Vascular biology of eicosanoids and atherogenesis


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Abstract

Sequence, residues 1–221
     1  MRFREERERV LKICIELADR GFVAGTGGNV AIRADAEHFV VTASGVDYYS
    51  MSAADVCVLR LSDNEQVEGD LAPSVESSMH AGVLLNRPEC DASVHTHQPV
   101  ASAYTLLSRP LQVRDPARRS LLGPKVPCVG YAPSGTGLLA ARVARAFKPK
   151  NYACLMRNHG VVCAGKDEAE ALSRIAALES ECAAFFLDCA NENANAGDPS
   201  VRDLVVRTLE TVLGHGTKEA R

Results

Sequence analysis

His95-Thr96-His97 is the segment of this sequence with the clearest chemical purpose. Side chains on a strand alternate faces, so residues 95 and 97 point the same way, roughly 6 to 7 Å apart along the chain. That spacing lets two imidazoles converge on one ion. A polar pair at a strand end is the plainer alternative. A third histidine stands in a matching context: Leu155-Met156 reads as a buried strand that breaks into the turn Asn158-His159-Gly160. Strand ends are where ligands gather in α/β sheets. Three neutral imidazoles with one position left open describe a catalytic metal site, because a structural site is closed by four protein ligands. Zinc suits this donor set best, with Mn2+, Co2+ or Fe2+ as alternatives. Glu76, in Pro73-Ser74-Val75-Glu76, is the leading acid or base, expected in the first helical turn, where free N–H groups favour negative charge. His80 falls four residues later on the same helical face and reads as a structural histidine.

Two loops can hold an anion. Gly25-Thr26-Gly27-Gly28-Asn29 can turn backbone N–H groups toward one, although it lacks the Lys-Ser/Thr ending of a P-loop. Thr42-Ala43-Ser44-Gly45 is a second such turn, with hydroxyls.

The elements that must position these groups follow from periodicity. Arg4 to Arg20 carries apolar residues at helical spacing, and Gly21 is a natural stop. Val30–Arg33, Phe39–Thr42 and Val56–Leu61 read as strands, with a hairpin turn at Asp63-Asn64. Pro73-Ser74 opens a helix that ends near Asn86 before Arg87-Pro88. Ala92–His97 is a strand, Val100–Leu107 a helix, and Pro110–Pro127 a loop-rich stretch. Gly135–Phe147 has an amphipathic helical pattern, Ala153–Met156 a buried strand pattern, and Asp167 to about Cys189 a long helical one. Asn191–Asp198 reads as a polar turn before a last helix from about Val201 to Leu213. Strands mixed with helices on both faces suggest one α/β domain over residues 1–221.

Atherosclerosis is a chronic and progressive inflammatory vascular disease that is characterized by a complex interplay between some components of the bloodstream and the arterial wall. The lipid derivatives eicosanoids have been identified as important mediators that contribute to mechanisms of atherogenesis. Prostaglandins and thromboxane A2 are members of the eicosanoid family synthesized from arachidonic acid by the combined action of cyclooxygenases and prostaglandins and thromboxane A2 synthase. Thromboxane A2, a potent platelet activator and vasoconstrictor and prostacyclin, a platelet inhibitor and vasodilator, are the most important in the development of cardiovascular diseases. Several pro-atherogenic biological effects have also been attributed to isoprostanes, a class of eicosanoid isomers formed via a free radical-mediated oxidation of fatty acids esterified in membrane phospholipids. Both groups of lipids manifest their biological activities by binding to specific receptors in target cells. In this article, we will describe the biological roles of prostacyclin, thromboxane A2 and isoprostanes in atherogenesis and discuss the latest pharmacological studies assessing the therapeutic effects of drugs that specifically target their biosynthesis and/or biological activities on vascular inflammation and atherosclerotic lesion development.

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